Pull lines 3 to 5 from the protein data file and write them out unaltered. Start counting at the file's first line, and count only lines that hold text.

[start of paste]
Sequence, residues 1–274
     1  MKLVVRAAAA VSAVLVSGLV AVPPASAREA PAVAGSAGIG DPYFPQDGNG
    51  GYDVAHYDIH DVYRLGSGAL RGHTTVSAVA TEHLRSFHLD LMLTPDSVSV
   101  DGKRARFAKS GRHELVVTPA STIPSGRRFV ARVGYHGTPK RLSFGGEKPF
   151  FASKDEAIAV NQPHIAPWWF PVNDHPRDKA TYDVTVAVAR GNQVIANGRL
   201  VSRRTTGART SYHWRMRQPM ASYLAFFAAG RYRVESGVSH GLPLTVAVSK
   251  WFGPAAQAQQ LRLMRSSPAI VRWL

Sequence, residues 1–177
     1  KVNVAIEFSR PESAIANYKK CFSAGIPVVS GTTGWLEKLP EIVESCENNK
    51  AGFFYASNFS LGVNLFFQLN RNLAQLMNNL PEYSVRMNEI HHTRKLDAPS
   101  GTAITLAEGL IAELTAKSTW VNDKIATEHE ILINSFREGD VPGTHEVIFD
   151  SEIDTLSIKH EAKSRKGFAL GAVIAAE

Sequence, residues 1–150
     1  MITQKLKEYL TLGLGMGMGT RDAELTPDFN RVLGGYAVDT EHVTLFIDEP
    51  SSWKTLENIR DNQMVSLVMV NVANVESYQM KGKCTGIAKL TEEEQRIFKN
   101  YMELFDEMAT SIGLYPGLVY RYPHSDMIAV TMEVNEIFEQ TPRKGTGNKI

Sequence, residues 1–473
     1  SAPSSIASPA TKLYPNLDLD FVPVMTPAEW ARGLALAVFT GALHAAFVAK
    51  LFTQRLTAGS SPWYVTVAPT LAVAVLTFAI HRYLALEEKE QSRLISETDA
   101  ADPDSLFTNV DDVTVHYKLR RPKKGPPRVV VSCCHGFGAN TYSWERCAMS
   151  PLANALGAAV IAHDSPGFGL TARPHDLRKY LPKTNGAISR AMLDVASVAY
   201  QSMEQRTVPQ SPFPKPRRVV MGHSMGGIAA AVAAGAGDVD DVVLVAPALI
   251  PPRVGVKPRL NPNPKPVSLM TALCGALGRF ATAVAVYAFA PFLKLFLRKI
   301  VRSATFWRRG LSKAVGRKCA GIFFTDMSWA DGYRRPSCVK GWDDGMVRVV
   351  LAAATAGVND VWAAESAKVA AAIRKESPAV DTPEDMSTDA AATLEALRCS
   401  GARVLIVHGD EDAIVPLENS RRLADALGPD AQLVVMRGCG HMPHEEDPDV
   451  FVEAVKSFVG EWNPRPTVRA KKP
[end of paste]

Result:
    51  GYDVAHYDIH DVYRLGSGAL RGHTTVSAVA TEHLRSFHLD LMLTPDSVSV
   101  DGKRARFAKS GRHELVVTPA STIPSGRRFV ARVGYHGTPK RLSFGGEKPF
   151  FASKDEAIAV NQPHIAPWWF PVNDHPRDKA TYDVTVAVAR GNQVIANGRL